The Deutsches Röntgen-Museum was established in 1930 by a group of local doctors. However, it rapidly became so important that it was acquired by the town of Remscheid and is now responsible to a Board of Directors, comprised of distinguished citizens.

The displays are very extensive and educational, and are constantly added to by gifts from manufacturers of their latest x-ray equipment. The various rooms and displays include:

1. Röntgen’s personal effects, including his many photographs taken on his travels in Europe.
2. Portraits of his family and other contemporaries.
3. Busts and original articles, letters, etc.
4. A reconstruction of a doctor’s office circa 1905.
5. Röntgen’s private library, also his lovely old desk and clock.
6. A reconstruction of Röntgen’s laboratory at Würzburg.
7. Reconstructionso f diagnostic treatment rooms with life-size displays and
8. Demonstrations of technical applications of x-rays.
9. Many others.

Röntgen’s birth house is only 300 meters up the road and it is used as the museum’s library and also as a guest house for visiting scholars.
In summary, we cannot recommend this museum too highly. Remscheid is also a pleasant place to spend a night while visiting the museum, and there is an excellent and comfortable hotel, the Berline Hof, close by in the Moll Platz. A nice place to toast Wilhelm Röntgen and his legacy.


Location – 100 kilometers east and slightly south of Frankfurt-am-Main.
Train – Direct from Frankfurt-am-Main.
Road – Take the A3/E5 Autobahn from Frankfurt-am-Main to the east and exit at Würzburg.

Würzburg, on the river Main, is one of the oldest cities of Germany, has been the seat of a Bishop since 741, and its university was founded in 1582. Despite the fact it was severely damaged in the final days of World War II, it is an extremely picturesque and fascinating old town. Of great interest to us, is that it was here in the University of Würzburg in 1895 that Wilhelm Conrad Röntgen (see also under Remscheid-Lennep) discovered the rays named after him, more commonly known as x-rays. The consequent impact of this discovery on both biology and medicine can hardly be exaggerated.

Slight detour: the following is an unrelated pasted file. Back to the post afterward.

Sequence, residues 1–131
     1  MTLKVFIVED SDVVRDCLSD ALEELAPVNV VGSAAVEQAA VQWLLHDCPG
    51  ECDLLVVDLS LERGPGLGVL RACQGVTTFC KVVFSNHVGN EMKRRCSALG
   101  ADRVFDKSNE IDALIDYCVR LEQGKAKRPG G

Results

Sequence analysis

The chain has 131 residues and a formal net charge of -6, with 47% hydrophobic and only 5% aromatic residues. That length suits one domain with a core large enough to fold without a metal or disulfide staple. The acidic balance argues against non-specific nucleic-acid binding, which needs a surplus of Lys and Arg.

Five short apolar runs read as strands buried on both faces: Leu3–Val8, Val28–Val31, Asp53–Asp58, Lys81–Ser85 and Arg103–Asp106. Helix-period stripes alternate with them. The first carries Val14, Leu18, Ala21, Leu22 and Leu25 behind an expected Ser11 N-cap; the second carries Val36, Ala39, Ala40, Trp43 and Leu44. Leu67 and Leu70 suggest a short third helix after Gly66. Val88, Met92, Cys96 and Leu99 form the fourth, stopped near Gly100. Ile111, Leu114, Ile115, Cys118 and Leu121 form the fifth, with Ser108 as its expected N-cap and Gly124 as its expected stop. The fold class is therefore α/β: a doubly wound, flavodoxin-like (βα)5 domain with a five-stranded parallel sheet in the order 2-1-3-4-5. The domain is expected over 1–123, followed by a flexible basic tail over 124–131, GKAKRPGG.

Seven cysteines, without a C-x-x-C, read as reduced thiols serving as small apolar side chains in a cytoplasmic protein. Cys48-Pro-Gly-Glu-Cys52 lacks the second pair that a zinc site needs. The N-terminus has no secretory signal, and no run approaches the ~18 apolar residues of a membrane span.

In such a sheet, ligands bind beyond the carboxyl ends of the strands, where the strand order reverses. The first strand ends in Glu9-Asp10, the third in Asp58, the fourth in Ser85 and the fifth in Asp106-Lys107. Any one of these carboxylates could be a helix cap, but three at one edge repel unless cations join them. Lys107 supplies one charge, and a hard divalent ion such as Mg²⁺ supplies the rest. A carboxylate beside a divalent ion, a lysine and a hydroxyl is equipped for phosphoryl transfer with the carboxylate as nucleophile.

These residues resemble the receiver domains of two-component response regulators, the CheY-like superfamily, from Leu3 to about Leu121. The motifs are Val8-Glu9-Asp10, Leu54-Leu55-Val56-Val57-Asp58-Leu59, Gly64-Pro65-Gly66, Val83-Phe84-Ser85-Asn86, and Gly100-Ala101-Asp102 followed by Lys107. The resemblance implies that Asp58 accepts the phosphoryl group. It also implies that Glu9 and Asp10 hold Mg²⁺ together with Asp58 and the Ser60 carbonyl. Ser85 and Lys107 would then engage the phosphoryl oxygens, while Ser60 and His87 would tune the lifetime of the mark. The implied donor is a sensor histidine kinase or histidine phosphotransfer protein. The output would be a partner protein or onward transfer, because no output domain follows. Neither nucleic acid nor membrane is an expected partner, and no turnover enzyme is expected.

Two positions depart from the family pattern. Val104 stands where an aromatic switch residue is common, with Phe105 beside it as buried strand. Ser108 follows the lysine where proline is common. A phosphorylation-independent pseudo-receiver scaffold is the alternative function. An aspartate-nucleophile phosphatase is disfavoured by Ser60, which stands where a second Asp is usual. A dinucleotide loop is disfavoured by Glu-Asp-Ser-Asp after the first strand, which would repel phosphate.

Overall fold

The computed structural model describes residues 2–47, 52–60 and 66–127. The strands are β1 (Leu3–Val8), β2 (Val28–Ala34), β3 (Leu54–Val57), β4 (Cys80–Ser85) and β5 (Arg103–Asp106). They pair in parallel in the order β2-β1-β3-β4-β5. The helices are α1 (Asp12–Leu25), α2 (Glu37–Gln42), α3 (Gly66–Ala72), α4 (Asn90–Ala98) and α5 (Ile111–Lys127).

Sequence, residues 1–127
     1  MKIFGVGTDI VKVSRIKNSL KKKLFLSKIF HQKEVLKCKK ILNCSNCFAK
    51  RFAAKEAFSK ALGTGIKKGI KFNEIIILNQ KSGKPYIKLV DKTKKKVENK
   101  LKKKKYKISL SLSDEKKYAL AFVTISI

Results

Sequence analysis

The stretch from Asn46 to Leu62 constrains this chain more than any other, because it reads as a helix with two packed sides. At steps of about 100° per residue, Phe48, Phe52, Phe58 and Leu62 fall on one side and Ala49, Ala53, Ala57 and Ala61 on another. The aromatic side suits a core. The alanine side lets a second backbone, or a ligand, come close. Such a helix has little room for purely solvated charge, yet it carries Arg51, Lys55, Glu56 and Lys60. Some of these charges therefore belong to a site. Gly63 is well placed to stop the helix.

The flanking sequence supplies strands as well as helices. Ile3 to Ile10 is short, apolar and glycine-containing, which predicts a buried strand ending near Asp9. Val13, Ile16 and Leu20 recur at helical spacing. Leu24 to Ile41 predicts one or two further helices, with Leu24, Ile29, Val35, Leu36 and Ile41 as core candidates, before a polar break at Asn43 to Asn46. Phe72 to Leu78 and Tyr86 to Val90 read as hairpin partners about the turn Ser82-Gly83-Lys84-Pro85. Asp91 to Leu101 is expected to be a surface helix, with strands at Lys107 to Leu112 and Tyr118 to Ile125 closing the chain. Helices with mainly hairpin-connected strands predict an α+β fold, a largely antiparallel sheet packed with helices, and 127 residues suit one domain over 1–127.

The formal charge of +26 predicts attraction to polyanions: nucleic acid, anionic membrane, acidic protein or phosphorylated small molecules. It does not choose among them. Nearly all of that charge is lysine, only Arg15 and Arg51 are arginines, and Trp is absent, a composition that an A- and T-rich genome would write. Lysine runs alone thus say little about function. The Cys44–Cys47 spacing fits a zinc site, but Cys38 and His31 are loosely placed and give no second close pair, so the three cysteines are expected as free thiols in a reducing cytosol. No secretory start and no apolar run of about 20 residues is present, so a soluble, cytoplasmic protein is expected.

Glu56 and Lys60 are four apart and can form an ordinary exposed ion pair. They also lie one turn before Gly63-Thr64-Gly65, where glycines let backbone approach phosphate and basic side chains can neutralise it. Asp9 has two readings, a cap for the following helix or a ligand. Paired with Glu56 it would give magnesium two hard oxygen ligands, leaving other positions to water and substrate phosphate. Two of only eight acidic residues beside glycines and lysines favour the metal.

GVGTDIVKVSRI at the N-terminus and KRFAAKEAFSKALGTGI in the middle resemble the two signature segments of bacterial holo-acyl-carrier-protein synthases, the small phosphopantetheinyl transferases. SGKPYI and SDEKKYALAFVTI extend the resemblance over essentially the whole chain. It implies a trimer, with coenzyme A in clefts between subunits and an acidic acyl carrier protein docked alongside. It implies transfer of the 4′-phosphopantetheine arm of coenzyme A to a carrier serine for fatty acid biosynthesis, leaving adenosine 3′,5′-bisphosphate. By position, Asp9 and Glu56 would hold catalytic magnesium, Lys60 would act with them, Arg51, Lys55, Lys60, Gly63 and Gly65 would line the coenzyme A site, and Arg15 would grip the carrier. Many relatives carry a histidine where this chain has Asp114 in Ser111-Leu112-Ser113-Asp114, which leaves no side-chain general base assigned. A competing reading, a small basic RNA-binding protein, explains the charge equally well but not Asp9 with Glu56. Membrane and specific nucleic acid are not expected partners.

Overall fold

Physikal Institut

Universität Würzburg
Röntgenring 8B
87 Würzburg
Opening hours:
Normal business hours.
No charge for admission.

It was in this building in 1895 that Röntgen discovered x-rays. It is located on the Röntgenring close to the corner of the Koellikerstrasse. On the outside of the building is a large plaque which reads as follows:

In diesem hause entdeckte
W.C. Röntgen Im Jahre 1895
Die nach ihm Benannten Strahlen

which in translation reads: “In this building in the year 1895, W.C. Röntgen discovered the rays named after him.” The actual room where the discovery was made is still there, but is now a modern physics laboratory. Permission to see it and other items of historical interest in the Physics Institute can be requested at the office. It is also possible to see the lecture room that Röntgen used. It is more or less the same as in his day. Of great interest also are three display cases containing some of Röntgen’s equipment, etc. Amongst other things exhibited here are:

His Nobel Laureate Certificate;
His hunting gun, with a very early x-ray photograph of the loading breech;
An x-ray photograph of the hand of Professor G. Koelliker (Professor of
Anatomy), and another of his wife’s hand;
A commendation from the German Physics Society, signed by both Max Planck and Albert Einstein!

These are of great interest, but it should be realized that the main Röntgen Museum is in Remscheid-Lennep (see previously).

Institut fur Geschicte der Medizin der Universität

Koellikerstrasser 6, Rückgebaude
87 Würzburg
Opening hours:
Normal business hours.
No charge for admission.

It is perhaps a help to know that not far from the Physics Institute is the Institute for the History of Medicine, which is in charge of Professor Dr. Gundolf Keil, who is very knowledgeable about Röntgen. It is located slightly off the main street, behind some main buildings, and not easy to find – but persevere!

In concluding this chapter on Germany we would like to say that no doubt many people who read this may have their image of Germany tainted by the memories of two terrible world wards. Be that as it may, in recent years we have found Germany a magnificent and hospitable country to be in, and nothing can erase its great scientific tradition and contributions.